RP: It is, and unfortunately, I will tell you in your home state, my home state of Ohio, fentanyl is now the number one killer. So it’s surpassed prescription drugs, heroin, and of course, car accidents and other causes of death. It’s really unbelievably devastating our communities. And it’s so powerful, Hugh, that just a few flakes can kill you if you ingest it. And so it’s dangerous to law enforcement, other first responders, and it’s dangerous to kids in houses. And it’s coming in, mostly, in the case of fentanyl, by the U.S. mail system. So it’s not as much of a border security issue as heroin, although some of it is now going to Mexico and then being smuggled across the border. So yeah, the border issue is an immigration issue, but it’s also a drug issue. There’s no question about it. And it’s also a trafficking issue, something I’ve been working on for years, as you know. There’s a concentration of human trafficking along the border as well.

HH: Let’s talk about that. Browns coach Hue Jackson has opened a foundation in his name that combats trafficking in Ohio specifically. And people don’t think of trafficking and where it goes across, but if they begin to concentrate on the highways, they’ll find out where human slaves end up being imported to, and that is another border issue.

RP: Yeah, it is, and you know, I think, Hugh, it was widely-viewed as an immigrant issue years ago. Today, it’s everything. In other words, there are young people, unfortunately, in your neighborhood and mine who end up getting trafficked as well. But you’re right that Ohio is in the middle of it all. You know, we brag about the fact that we’re, you know, 500 miles from 70% of America or something like that. Well, that’s one reason I think that trafficking does occur in our state. 75, 71, 270, we’ve got to, I-70, we’ve got lots of major thoroughfares. And you do seem to see a concentration of trafficking in those areas. By the way, I comment Hue Jackson for that. He had a tough season. He’s a good coach, though. He was in Cincinnati, as you know, as the offensive coordinator as well, and, but he’s taken on this issue, and it’s really important. What’s happening with this issue, interestingly, it’s going online. So what victims of sex trafficking tell me is Rob, it’s gone from the street corner to the smartphone. And that’s where you see this big increase. Based on what the experts tell us, there’s been an increase in sex trafficking in this country, in this century, and it’s because of the dark side of the internet.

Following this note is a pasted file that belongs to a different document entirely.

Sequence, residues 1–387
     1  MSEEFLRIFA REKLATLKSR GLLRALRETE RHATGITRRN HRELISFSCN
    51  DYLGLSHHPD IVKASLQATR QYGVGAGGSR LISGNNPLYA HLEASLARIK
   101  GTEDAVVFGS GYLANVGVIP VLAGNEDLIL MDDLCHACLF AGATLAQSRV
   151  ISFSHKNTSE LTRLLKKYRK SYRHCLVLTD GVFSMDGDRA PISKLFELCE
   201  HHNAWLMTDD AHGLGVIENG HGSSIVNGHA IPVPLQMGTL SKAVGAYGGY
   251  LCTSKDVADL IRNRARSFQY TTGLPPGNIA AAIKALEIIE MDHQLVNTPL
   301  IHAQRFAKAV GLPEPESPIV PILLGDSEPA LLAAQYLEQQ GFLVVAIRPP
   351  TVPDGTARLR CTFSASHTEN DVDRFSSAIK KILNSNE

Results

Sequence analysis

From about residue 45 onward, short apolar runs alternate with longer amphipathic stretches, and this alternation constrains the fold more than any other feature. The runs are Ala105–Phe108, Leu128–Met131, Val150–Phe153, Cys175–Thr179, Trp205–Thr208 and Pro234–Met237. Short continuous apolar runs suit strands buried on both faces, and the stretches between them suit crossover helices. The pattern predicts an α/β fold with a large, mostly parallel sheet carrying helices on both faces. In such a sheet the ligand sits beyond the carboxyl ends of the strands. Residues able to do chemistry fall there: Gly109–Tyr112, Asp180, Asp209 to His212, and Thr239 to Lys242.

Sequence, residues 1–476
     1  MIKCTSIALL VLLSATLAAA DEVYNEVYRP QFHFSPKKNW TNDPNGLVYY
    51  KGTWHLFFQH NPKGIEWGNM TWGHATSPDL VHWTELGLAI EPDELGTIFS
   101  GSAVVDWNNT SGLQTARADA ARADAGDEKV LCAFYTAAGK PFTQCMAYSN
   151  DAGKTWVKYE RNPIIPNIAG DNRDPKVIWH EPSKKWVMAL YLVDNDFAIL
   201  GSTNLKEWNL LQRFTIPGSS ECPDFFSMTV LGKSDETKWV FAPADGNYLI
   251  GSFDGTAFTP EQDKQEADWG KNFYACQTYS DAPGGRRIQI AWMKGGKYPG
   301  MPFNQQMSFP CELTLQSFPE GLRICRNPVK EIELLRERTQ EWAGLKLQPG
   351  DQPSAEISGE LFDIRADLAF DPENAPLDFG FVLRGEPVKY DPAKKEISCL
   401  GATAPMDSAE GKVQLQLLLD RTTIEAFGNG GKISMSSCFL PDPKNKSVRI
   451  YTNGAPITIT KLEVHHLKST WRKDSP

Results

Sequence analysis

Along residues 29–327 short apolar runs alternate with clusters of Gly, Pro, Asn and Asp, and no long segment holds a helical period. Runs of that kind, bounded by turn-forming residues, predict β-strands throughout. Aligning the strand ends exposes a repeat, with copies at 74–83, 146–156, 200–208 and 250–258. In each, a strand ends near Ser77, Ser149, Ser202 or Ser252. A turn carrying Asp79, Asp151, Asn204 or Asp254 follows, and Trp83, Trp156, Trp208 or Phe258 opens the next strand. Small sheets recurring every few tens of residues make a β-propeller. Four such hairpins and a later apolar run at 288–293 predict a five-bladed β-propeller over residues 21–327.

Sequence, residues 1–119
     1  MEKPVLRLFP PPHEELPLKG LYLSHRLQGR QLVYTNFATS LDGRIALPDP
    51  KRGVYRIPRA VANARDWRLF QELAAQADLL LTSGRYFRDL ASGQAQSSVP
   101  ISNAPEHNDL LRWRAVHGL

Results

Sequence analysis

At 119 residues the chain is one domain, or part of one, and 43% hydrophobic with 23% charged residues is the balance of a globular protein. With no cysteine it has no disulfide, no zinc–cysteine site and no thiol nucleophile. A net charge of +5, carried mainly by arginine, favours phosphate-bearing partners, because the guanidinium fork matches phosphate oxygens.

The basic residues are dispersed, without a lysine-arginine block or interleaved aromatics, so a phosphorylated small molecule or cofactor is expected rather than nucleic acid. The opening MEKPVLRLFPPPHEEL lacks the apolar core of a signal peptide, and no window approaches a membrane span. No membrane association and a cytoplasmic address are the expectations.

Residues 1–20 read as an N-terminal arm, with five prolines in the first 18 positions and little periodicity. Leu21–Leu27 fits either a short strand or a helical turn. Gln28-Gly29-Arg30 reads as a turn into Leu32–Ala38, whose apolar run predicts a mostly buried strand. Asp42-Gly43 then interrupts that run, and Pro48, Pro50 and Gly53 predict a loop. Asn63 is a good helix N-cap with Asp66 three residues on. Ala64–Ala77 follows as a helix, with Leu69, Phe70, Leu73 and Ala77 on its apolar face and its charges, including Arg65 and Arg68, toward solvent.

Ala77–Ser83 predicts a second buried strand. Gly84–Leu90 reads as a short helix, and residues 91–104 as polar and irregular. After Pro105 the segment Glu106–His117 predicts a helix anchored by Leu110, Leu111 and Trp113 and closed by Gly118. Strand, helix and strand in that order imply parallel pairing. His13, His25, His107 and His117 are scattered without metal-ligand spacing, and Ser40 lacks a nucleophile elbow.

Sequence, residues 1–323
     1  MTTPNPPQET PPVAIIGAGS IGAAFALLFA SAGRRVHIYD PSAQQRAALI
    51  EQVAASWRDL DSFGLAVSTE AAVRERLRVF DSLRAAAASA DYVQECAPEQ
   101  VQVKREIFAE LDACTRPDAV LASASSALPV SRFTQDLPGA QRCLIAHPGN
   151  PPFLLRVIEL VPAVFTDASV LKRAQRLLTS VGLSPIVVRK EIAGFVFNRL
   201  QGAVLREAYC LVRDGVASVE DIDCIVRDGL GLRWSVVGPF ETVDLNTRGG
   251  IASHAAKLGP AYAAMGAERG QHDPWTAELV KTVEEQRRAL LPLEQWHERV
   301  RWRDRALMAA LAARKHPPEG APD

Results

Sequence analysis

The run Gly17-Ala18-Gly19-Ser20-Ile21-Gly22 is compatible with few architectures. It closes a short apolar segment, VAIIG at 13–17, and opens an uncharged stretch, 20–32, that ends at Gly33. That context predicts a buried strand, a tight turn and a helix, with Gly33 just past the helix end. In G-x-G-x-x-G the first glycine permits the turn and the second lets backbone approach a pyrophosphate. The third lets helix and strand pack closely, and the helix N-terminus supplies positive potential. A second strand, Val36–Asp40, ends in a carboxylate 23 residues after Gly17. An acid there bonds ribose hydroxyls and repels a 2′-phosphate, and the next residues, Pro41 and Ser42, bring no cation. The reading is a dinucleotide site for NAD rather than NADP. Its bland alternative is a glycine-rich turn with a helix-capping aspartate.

HH: Well, this is what at the end of the day what frustrates me so much about a spending shutdown, and making the easy things hard when the hard things are hard enough.

RP: Yeah.

HH: And easy things are the DACA kids stay, and we build border barriers, and we do border security of some sort, and we don’t reward in a way that it is repeated, right? That’s the problem with DACA regularization is that we will incentivize people to make this very dangerous journey which often will end up, for example, in the Wal-Mart parking lot with ten people dead in the back of a semi-truck.